Tag Archives: GPO

More than 148,000 items from the U.S. Government Printing Office now discoverable in DPLA

“We were pleased to share yesterday that nearly 60,000 items from the Medical Heritage Library have made their way into DPLA, and we’re now doubly pleased to share that more than 148,000 items from the Government Printing Office’s (GPO) Catalog of U.S. Government Publications (CGP) are now also available via DPLA.” (via DPLA)

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GPO in the Top 10 List of Original Catalogers in the World

“The U.S. Government Printing Office (GPO) was recently named one of the top 10 original catalogers in the world in OCLC’s Annual Report for FY12. During that period, GPO added 17,310 new records for U.S. Government information products to WorldCat, a database of bibliographic information built continuously by libraries around the world and OCLC. As one of the founding members of the OCLC network in 1976, GPO has reached several important milestones as an active contributor to WorldCat over the years. In 1992, a GPO Cataloger contributed the 100,000th record to the OCLC Bibliographic Database, and in 1999, another GPO cataloger contributed the 43,000,000th record.” (via FDLP)

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“Acting Public Printer Davita Vance-Cooks announces the appointment of five new members to the Depository Library Council (DLC). The Council, composed of 15 members each of whom serves a three year term, advises the Public Printer on policy matters relating to the Federal Depository Library Program (FDLP). The FDLP provides the public with access to authentic, published information from all three branches of the Federal Government in print and electronic formats through partnerships with approximately 1,200 libraries nationwide ranging from small public
libraries to large research universities.” (via USGPO)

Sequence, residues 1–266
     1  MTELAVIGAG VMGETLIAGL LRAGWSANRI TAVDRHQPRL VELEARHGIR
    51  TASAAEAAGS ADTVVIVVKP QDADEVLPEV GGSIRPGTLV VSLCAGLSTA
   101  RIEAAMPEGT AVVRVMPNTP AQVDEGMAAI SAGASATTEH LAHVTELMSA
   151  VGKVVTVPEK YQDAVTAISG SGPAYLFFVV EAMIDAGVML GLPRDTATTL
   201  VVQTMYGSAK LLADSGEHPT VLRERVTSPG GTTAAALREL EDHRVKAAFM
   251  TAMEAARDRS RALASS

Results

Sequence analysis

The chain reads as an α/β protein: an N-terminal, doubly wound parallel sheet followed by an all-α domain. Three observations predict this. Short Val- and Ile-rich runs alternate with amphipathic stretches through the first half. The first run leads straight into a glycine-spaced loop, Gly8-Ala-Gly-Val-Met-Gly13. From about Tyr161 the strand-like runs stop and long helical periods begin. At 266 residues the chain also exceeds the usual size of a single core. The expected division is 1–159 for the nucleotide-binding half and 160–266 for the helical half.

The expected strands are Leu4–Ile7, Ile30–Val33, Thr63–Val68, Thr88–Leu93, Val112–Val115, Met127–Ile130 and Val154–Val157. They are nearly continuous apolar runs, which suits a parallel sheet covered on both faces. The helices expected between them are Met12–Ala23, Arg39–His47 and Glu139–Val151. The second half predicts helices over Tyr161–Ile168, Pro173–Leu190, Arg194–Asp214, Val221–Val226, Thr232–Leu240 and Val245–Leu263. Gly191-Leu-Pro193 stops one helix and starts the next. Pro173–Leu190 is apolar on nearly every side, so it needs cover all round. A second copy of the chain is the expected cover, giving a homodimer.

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With shift toward digital, GPO producing more content at 2008 costs

“A shift in focus from traditional printing to digital content management has produced a leaner Government Printing Office, with a growing number of digital products and delivery systems, according to the agency’s annual report for fiscal 2012. Overall overhead costs for 2012 were at 2008 levels and the GPO appropriation request for fiscal 2013 was held to 2012 levels, at $126.2 million. Employee-buyouts last year reduced staff by 11 percent to the “leanest staffing level in more than a century,” with a savings of $24 million. At the same time, the amount of information being made available is growing, with more than 800,000 files available online through the Federal Digital System (FDsys) and 150 government titles available through major electronic book distributors.” (via GCN)

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“Today is the 152nd birthday of the U.S. Government Printing Office (GPO). The agency first opened its doors for business on March 4, 1861, the same day Abraham Lincoln was inaugurated as the 16th President, with a mission based on the requirement in Article I, section 5 of the Constitution that “each House shall keep a journal of its proceedings and from time to time publish the same.” Since Lincoln’s time GPO has produced the official version of every great American state paper and an uncounted number of other Government publications, forms, and documents, including the Emancipation Proclamation, Social Security cards, Medicare and Medicaid information, census forms, tax forms, citizenship forms, military histories ranging from the Official Records of the War of the Rebellion to the latest accounts of our forces in Afghanistan, emergency documents like the ration cards and the “Buy Bonds” posters used during World War II, the Warren Commission Report on
President Kennedy’s assassination, the Watergate transcripts, the 9/11 Commission Report, Presidential inaugural addresses, Supreme Court opinions, and the great acts of Congress that have shaped American society.”